A dangerous weapon shall include a firearm (including a starter gun or pistol) or any device which will or is designed to or may readily be converted to expel a projectile by the action of an explosive, any destructive device or any explosive, incendiary, or poison gas bomb, grenade, rocket having a propellant charge of more than four (4) ounces, missile having an explosive or incendiary charge of more than one-quarter ounce, mine or similar device; a dagger, dirk, stiletto, knife with a blade over three (3) inches in length, or pocket knife opened by a mechanical device, an iron bar or brass knuckles or, any other weapon as set forth in 18 USC&921. Also, any electronic device that inflicts or causes pain or suffering is likewise considered a weapon.* 
This prohibition does not apply to officers duly sworn to and in good standing with public law enforcement agencies. The Superintendent or Superintendent’s designee may authorize additional exceptions with subsequent and timely notice to the Board. 
The Superintendent shall create and implement any regulations and procedures necessary to enforce such Dangerous Weapon and Disruption-Free Zones in order to prevent and mitigate actual or potential emergencies, disruptions and threats to the safety of our students, faculty, staff, families and citizens.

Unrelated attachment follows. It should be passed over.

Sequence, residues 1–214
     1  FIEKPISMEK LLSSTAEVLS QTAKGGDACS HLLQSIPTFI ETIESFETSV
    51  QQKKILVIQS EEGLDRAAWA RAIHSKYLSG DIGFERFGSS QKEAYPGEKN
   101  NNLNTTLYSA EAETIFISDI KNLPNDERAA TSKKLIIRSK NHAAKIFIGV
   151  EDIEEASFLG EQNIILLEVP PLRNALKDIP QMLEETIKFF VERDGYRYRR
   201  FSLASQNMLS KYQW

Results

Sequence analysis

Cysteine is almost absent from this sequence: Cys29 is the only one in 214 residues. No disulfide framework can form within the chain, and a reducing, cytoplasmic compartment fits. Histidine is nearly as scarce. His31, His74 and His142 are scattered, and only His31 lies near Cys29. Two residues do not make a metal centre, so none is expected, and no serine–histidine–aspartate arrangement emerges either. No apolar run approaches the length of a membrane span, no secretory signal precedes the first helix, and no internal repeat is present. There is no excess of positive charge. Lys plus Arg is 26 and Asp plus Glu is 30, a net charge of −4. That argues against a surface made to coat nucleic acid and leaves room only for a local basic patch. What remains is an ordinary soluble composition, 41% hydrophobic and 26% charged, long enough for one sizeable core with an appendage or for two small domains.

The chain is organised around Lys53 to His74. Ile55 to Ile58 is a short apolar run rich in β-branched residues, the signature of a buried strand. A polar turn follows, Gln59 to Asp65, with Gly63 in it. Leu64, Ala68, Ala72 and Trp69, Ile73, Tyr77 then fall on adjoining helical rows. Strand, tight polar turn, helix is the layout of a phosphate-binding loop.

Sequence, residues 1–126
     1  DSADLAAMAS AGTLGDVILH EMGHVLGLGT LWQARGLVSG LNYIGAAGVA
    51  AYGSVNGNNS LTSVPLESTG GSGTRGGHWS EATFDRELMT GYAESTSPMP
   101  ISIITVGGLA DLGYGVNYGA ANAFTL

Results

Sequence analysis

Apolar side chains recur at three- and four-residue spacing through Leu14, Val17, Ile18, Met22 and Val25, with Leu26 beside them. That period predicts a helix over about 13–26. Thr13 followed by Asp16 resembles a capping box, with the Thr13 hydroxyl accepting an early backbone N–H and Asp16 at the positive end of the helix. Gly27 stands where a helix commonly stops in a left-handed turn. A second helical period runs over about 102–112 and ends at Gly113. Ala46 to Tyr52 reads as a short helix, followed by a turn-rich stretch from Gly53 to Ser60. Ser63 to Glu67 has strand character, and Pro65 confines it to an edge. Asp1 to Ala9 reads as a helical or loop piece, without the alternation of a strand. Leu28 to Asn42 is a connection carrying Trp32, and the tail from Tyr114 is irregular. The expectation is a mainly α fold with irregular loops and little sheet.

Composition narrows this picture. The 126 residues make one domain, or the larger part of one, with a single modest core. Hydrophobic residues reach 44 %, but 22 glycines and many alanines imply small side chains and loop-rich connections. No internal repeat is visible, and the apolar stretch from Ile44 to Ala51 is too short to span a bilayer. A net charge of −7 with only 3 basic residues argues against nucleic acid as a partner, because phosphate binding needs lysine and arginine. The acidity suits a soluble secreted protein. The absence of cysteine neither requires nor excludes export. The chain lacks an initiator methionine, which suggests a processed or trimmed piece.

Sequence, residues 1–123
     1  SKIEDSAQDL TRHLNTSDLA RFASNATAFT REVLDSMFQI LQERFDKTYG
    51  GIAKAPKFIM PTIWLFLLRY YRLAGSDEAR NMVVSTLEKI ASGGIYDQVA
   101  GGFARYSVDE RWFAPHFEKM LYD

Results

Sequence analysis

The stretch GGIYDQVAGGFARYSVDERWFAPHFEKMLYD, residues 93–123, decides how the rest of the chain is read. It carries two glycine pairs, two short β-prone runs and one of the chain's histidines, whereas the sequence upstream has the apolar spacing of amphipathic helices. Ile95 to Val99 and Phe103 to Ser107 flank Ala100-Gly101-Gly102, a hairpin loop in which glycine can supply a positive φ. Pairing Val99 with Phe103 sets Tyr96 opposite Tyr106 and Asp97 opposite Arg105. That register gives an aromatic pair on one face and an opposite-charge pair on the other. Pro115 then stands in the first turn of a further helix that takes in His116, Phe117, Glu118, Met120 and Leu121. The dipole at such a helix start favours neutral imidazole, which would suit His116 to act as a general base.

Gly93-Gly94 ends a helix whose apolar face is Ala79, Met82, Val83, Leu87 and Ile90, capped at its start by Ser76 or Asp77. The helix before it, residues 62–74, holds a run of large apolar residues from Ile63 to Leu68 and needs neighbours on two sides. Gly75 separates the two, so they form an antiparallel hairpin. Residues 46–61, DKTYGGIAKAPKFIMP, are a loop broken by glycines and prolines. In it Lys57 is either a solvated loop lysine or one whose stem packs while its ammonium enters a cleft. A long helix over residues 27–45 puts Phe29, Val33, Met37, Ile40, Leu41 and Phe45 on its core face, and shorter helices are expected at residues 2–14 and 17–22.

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Tuesday, March 24, 2015

Worth Your Time! Parent Presentation to AAPS Assessment Committee on Opting Out of the MSTEP

Angie Smith, one of the parents on the Ann Arbor Schools Assessment Advisory Committee, shared this powerpoint presentation with the committee this week, and has given me permission to share it with the rest of the world.

One more thing: in the "settings" on Google Slides (the little wheel option on the right side of the black bar at the bottomo), you can choose to look at the speaker notes, and I think you will find them helpful.

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Thursday, March 19, 2015

Sample Opt-Out Letters: You Can Opt Out of Standardized Testing

I visualize opting out of standardized testing as a wave.
By Ruth Kraut. Creative Commons license.
Well, I asked for some sample Opt Out Letters. And I got them! Some of them are long, some are short. Some of the longer ones, I have edited for brevity (especially if the point is made in a different letter.) I have also--of course--edited for privacy.